Edmund Gosse: "He never forgets that, as Matthew Arnold has said, he is the puissant and glorious founder of our excellent and indispensable eighteenth century — that is to say, of an age of prose and reason. His native genius constantly clashed in criticism with his acquired taste, and hence his wavering adherence to unfashionable masters of verse, to Chaucer, to Chapman, to Milton. He attempted to extract what he thought was best from these and other romantic poets, and to adapt it to an Anglo-classic taste. His genius was so energetic and his skill so amazing that he partly contrived to do this, but the odour of romance had evaporated. Hence it cannot be denied that the most mysterious and indescribable charm of poetic writing, that charm which is exhaled from the best poetry like a perfume, is wanting, or singularly rare, in Dryden in spite of his acknowledged supremacy as a poet. When this is admitted the reader is placed in a position to do justice to Dryden's genius" History of Eighteenth-Century Literature (1889) 24.
Herbert E. Cory: "In his youth Dryden, like many young writers, was a victim of the poets of his own generation. His early servitude to the conceit-hunters is well known. He himself tells us in his Dedication of the Spanish Friar (1681), that he once thought 'inimitable Spenser a mean poet in comparison of Sylvester's Du Bartas.' But he came to dub the idol of his callow days a writer of 'abominable fustian'" "Critics of Edmund Spenser" UCPMP (1911) 114.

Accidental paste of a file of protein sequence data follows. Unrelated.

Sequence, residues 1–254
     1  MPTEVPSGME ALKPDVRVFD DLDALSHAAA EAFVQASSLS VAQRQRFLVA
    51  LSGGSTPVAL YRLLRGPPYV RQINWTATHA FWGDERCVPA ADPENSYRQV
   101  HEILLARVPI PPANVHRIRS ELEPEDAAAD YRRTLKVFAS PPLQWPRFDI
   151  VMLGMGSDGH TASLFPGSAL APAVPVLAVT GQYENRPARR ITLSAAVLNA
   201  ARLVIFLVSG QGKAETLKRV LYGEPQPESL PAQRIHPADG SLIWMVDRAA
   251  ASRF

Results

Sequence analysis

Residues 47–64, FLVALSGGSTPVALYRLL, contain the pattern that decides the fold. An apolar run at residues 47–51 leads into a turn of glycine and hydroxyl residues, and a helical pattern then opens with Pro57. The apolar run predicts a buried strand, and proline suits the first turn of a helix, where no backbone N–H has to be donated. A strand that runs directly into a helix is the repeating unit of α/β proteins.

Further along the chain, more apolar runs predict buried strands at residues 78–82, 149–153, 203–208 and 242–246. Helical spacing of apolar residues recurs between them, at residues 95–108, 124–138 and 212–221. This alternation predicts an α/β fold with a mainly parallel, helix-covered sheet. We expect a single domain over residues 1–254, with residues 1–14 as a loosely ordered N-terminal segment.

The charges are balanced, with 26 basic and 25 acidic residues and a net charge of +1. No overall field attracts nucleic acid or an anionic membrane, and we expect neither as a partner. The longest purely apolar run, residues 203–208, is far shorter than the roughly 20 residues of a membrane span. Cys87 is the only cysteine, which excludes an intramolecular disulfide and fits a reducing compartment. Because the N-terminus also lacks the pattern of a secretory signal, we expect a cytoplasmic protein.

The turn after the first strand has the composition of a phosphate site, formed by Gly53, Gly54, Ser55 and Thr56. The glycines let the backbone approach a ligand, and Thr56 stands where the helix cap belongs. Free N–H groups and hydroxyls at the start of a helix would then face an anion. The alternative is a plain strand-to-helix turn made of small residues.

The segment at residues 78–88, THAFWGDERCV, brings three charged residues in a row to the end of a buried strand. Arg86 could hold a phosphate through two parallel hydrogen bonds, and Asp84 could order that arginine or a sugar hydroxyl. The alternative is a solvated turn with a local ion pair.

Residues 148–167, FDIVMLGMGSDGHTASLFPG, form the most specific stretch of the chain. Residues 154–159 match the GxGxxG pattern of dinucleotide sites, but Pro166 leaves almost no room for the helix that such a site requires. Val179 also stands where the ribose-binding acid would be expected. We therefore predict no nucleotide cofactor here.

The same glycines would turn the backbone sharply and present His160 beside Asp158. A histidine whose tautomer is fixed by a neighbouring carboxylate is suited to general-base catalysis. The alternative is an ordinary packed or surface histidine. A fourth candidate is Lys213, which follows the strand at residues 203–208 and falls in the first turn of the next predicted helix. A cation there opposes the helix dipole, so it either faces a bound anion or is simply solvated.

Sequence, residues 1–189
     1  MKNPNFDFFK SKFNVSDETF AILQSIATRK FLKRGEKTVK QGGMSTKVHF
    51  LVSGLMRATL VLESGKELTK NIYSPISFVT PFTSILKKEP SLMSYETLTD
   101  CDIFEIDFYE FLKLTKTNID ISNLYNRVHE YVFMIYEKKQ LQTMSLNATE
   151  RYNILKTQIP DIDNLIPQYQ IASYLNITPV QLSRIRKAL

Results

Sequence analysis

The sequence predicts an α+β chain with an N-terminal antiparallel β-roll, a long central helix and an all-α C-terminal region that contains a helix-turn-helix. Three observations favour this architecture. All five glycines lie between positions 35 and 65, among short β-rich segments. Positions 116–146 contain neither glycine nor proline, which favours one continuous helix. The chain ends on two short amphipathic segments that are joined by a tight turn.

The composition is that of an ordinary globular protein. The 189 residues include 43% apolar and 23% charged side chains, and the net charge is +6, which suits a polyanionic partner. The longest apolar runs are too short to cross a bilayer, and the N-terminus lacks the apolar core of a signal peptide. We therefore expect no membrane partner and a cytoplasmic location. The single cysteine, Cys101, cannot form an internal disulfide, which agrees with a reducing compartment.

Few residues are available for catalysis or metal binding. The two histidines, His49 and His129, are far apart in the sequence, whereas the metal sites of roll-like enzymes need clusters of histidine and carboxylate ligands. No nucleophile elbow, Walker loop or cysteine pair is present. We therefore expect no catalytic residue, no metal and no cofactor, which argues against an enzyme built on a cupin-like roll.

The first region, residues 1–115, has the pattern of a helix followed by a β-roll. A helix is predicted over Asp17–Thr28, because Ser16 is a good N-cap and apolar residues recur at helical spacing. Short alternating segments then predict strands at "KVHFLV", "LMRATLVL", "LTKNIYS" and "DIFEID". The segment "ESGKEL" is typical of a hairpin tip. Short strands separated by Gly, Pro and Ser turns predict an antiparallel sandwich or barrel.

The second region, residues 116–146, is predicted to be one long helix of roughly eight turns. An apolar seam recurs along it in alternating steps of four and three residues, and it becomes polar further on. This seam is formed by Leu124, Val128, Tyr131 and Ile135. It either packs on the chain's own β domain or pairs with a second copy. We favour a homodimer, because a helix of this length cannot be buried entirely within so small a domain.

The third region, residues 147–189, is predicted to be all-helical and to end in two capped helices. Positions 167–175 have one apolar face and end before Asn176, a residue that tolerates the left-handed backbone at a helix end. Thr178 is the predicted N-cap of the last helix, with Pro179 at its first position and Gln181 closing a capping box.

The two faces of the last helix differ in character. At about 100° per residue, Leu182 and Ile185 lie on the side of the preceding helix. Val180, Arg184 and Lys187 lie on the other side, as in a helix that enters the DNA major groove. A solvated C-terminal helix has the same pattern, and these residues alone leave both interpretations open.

Neither do I discommend the lofty style in Tragedy which is naturally pompous and magnificent: but nothing is truly sublime that is not just and proper. If the Ancients had judg'd by the same measures which a common Reader takes, they had concluded Statius to have written higher than Virgil: for,
Quae superimpositio mole geminata Colosso,
carries a more thundring kind of sound than,
Tityre tu patulae recubans sub tegmine fagi:
Yet Virgil had all the Majesty of a lawfull Prince; and Statius onely the blustring of a Tyrant. But when men affect a Vertue which they cannot reach, they fall into a Vice, which bears the nearest resemblance to it. Thus an injudicious Poet who aims at Loftiness runs easily into the swelling puffie style, because it looks like Greatness. I remember, when I was a Boy, I thought inimitable Spencer a mean Poet in comparison of Sylvester's Dubartas: and was rapt into an ecstasie when I read these lines:
Now, when the Winter's keener breath began
To Chrystallize the Baltick Ocean;
To glaze the Lakes, to bridle up the Floods,
And periwig with Snow the bald-pate Woods:
I am much deceiv'd if this be not abominable fustian, that is, thoughts and words ill sorted, and without the least relation to each other: yet I dare not answer for an Audience, that they wou'd not clap it on the Stage: so little value there is to be given to the common cry, that nothing but Madness can please Mad-men, and a Poet must be of a piece with the Spectators, to gain a reputation with them. But, as in a room, contriv'd for State, the height of the roof shou'd bear a proportion to the Area; so, in the Heightnings of Poetry, the strength and vehemence of Figures shou'd be suited to the Occasion, the Subject, and the Persons. All beyond this is monstrous; 'tis out of nature, 'tis an excrescence, and not a living part of Poetry. . . .